HERMITAGE — When Dan Wallace and Brian Pancher first started Wallace Pancher Group in 2001, the company had one computer and worked out of Wallace’s basement.
The Hermitage-based environmental services company now has about 40 employees and offices in Hermitage, Cranberry Township, Waynesburg, and St. Clairsville, Ohio. That growth continues with the acquisition of Richland Engineering Ltd., of Mansfield, Ohio, Wallace said.
“We’re looking forward to growing our companies together and making it into a great company,” Wallace said. “When we started, we knew we were going to grow, and we wanted to survive, but now we’re able to building this into something that’s going to thrive and grow.”
The Wallace-Pancher Group has done some environmental projects, such as stream restoration and stormwater system mapping for the city of Hermitage, as well as more commercial projects such as the plaza that contains Buffalo Wild Wings and Kohl’s in Hermitage, and the Block Northway complex in Pittsburgh, Wallace said.
However, aside from a few projects in West Virginia, most of Wallace-Pancher Group’s projects is focused in the Pennsylvania area. That all changed with the prospect of acquiring Richland Engineering, which first came up a couple years ago, Wallace said.
The owners of Wallace-Pancher Group met with three of the five owners of Richland Engineering in August 2018 to discuss the acquisition. What was originally planned to be a one-hour meeting eventually turned into a three-hour conversation, Wallace said.
“They came across as very honest, very down-to-earth, practical, they were easy to talk to, and we instantly had this kind of chemistry,” Wallace said.
Like Wallace-Pancher Group, Richland Engineering has some municipal projects but is also heavily involved with civil engineering services such as bridge design and inspection, roadway design, and airport design and planning, partner Patrick Schwan said.
The company of about 25 people primarily works with the Ohio Department of Transportation but has done work for municipalities, too, with projects all throughout Ohio from Cleveland to Akron to Cincinnati, Schwan said.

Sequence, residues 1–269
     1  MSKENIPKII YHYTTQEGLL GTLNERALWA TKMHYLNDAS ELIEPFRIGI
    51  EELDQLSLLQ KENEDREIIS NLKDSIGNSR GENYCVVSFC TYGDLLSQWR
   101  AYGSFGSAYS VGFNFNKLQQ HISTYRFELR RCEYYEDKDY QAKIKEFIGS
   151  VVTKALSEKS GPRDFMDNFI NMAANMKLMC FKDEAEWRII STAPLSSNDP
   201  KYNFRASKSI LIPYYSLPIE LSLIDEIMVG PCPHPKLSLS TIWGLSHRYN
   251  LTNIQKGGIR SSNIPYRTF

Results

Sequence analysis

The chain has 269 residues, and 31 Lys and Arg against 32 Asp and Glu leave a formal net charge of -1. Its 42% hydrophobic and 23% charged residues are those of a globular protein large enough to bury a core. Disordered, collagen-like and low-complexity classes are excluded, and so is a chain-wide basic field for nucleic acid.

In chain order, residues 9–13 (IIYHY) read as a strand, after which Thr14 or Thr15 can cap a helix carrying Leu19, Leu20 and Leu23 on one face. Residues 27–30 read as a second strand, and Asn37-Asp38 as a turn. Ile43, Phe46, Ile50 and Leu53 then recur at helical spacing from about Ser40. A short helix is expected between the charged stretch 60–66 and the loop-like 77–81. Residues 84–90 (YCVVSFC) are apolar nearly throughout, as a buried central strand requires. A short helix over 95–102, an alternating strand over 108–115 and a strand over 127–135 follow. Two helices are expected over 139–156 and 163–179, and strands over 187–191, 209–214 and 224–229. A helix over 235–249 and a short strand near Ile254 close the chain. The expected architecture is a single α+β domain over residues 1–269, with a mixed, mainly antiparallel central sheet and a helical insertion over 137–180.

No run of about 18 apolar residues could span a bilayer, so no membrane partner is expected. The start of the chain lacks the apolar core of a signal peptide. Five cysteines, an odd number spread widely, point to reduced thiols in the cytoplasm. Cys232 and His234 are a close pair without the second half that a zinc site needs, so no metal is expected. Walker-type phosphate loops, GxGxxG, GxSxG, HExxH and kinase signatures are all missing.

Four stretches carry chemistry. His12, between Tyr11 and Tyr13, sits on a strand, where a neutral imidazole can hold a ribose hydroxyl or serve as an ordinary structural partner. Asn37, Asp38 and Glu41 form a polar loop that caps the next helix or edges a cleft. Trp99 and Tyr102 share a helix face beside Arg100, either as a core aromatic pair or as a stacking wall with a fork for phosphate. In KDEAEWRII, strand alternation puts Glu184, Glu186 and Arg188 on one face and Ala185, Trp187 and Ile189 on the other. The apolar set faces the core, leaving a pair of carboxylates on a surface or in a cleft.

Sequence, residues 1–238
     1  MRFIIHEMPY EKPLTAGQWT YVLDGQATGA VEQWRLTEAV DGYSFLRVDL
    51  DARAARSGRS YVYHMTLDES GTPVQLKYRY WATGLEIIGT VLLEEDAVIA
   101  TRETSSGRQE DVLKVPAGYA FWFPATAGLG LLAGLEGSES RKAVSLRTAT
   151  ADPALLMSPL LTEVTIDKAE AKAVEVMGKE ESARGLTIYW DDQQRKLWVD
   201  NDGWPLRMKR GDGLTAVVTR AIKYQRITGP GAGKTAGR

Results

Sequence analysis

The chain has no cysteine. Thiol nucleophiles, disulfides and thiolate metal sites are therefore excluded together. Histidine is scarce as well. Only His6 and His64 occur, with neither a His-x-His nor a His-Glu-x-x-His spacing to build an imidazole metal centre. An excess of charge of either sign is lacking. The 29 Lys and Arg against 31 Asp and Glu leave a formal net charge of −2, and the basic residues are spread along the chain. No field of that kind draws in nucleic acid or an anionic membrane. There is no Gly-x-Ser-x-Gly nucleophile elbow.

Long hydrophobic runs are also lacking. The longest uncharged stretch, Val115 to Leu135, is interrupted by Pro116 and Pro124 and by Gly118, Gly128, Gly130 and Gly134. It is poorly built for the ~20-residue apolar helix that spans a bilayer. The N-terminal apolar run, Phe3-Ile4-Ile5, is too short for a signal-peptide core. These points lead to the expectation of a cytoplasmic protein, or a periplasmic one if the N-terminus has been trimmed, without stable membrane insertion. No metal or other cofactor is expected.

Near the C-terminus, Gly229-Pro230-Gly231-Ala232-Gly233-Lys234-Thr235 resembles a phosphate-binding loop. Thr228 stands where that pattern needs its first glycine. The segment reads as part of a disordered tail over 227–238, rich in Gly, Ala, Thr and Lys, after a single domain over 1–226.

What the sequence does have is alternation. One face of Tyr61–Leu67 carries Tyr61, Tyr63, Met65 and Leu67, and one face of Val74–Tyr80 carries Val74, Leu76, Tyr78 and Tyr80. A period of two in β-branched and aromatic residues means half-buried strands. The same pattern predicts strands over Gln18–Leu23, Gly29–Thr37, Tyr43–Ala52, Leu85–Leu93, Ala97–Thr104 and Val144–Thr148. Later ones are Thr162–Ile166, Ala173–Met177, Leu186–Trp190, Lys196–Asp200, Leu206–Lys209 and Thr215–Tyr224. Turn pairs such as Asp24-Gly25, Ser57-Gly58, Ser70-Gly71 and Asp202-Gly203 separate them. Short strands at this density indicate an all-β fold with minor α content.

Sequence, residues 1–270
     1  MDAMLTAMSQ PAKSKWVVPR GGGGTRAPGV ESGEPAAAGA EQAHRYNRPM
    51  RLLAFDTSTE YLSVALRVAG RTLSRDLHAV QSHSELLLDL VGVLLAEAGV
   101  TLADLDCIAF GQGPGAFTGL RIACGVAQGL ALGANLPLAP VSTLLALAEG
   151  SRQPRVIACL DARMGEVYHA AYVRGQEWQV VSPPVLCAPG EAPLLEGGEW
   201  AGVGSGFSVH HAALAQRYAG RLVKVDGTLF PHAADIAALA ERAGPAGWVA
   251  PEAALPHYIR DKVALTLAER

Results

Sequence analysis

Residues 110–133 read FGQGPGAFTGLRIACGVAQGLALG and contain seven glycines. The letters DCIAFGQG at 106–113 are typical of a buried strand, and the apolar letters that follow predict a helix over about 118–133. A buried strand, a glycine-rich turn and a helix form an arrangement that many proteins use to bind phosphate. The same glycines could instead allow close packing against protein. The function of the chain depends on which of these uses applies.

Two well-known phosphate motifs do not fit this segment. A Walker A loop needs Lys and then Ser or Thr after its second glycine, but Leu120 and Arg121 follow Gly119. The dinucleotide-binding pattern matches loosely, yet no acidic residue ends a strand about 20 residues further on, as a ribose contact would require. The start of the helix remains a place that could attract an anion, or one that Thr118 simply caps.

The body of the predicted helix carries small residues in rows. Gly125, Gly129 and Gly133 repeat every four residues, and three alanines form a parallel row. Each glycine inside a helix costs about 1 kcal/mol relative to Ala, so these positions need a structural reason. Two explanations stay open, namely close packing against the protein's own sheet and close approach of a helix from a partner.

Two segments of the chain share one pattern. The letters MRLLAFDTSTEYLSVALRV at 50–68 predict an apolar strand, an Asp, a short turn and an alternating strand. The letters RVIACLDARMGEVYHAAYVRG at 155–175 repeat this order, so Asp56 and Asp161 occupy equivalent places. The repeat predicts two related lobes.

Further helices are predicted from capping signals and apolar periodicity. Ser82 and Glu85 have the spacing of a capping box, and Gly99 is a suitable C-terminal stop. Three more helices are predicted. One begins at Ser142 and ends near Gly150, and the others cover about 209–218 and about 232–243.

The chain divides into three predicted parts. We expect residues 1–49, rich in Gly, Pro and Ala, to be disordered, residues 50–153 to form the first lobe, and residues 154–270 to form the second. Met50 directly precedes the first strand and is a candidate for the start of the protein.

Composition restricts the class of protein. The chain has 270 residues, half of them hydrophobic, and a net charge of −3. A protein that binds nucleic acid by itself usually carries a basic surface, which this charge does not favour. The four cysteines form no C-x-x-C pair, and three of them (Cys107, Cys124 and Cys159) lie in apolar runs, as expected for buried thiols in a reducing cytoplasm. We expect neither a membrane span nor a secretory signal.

“There was a lot of strategic planning on our part, as we figured out how we framework the future of the company,” Schwan said.
By merging or joining with another company, which was ultimately Wallace-Pancher Group, Schwan said this would give Richland Engineering a chance to for the company to “spread its web” by increasing their service areas and opening up new opportunities.
“Our ability to compliment each other with our services is going to be one of the big things,” Schwan said. “There are additional services they provided and we weren’t previously, and the same goes for their services as well.”
There are some commonalities between the two companies that will help smooth the transition, but the specialties in each company, such as bridge design and inspection at Richland Engineering and the environmental projects conducted by Wallace-Pancher Group could allow the two companies to share their expertise with new and old clients across Pennsylvania, Ohio and elsewhere, Schwan said.
Both Wallace and Schwan said the acquisition will not result in layoffs. Just the opposite, in fact.
“We are looking to add some employees because we expect our overall work to be able to grow, and offer different services to all our clients,” Wallace said. “Brian and I are very excited to welcome Richland Engineering into our family.”
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